For my Learning Project, I took a few Circle of Fifths Quizzes to test my knowledge of the content. I plan on redoing these each week.
Below are the results of three different online quizzes I took on the Circle of Fifths.
This quiz gives you ten randomized questions. It also times you.
This quiz tracked your time and also how many false answers you gave. The little green dots would become different colours depending on how many tries it took to get it right. After four tries, the correct answer is highlighted in purple.
I appreciate that this test gave me a visual aid with the actual circle, so I could place notes where they belonged.
This last quiz had a 3 minute time limit, which I only realized after it ran out. The quiz also told me that I’m “better than this” and that it “believed in me”.
These quizzes really made me realize that I had been relying on referencing a picture of the circle of fifths, and needed to work more on memorizing it if I wanted it to be useful to me.
Quizzes are effective to a certain extent. After a certain point, I suspect that retaking these same quizzes may become a matter of pure memorization, which isn’t always a sign of knowing the content.
Last week I posted about the lesson videos that I have been watching. In contrast to lesson videos, I’ve found that tutorial videos are much more exciting, since they go past any theory and get me learning songs right away.
For example, here’s a tutorial video on how to play Owl City’s song “Silhouette”.
Pros of Tutorial Videos
- demonstrate quicker results (being able to play your favourite songs and impress your friends)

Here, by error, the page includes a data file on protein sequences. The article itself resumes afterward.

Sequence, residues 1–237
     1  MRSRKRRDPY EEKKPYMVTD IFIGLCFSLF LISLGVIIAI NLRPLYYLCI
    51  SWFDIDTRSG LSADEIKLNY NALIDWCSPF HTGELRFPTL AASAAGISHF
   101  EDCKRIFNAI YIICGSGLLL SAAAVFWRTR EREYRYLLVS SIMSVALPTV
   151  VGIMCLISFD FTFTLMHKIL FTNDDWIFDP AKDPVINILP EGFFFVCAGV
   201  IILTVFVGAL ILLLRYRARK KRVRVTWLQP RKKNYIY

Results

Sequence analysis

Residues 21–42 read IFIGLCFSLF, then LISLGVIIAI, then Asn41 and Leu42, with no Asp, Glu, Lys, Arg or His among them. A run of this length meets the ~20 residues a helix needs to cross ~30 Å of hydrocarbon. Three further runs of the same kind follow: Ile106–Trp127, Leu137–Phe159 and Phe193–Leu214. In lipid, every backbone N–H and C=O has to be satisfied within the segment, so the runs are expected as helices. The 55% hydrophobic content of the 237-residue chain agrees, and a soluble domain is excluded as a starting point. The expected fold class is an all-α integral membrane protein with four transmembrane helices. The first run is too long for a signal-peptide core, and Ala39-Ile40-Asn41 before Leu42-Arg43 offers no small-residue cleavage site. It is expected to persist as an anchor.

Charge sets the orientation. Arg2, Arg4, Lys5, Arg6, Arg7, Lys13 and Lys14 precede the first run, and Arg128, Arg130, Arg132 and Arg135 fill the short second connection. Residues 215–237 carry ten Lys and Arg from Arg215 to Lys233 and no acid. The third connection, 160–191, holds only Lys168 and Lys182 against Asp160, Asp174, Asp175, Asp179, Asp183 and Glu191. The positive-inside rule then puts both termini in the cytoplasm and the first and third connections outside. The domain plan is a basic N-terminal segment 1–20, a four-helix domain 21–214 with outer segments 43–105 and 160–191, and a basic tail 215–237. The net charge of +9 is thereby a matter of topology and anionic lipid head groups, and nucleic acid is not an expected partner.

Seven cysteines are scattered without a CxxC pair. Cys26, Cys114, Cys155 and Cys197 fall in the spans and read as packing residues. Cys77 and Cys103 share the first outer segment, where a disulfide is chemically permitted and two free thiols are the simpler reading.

- Piano roll is visible, somtetimes notes can be seen moving down the screen Guitar Hero or Rock Band style. The new pianist learns to anticipate what notes are to be played next, (similar skill learned when you are trained to read sheet music)
Cons of Tutorial Videos
- new pianist may rely too much on memorization and abandon the study of theory (which helps the pianist understand WHY they are playing what they are playing)
- Many tutorial videos are not well-explained, or use poor video-quality. The lack of visual aids or graphics can lead to a very difficult-to-follow video.
Understanding theory is very important, as it establishes the rules that govern how the piano is played. Someone who understands theory is able to then break the rules and move into improvisation, which is one of my main goals (see post #1)
At the same time, theory can become boring, and I imagine that many new pianists have quit piano merely because it felt like a drag. I’m on my fourth piano lesson myself, and I have still not played a single song yet (we’ve been doing worksheets and talking about theoretical concepts for an hour and a half each lesson).
In the classroom, I think that a good strategy would be to give your students a balance between theory and practice.
THEORY: Teach the students the rules with textbook or article readings, quizzes, or presentation assignments.
PRACTICE: Allow the students to apply what they know about theory with cool projects, or by inviting experts in their field into the classroom to speak to the class about how they apply theory into their everyday jobs.
BLENDING: As part of each assignment, you can help students connect theory and practice by getting them to reflect on how the two relate to each other (Ex: How did you use what you know about the Circle of Fifths to inform your performance of the song “Silhouettes” in class?)
Before I end this post, here is a video of me attempting to play “Meteor Shower” by Owl City using what I have learned about the key of D! Next week, I will take what I know about the song and combine it with what I learn in a tutorial video.